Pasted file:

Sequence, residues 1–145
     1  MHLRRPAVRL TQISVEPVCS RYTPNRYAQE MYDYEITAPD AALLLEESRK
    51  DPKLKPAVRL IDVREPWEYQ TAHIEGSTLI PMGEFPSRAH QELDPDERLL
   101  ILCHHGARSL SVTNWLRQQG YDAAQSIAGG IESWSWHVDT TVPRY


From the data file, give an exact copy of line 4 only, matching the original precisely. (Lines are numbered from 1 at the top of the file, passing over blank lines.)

   101  ILCHHGARSL SVTNWLRQQG YDAAQSIAGG IESWSWHVDT TVPRY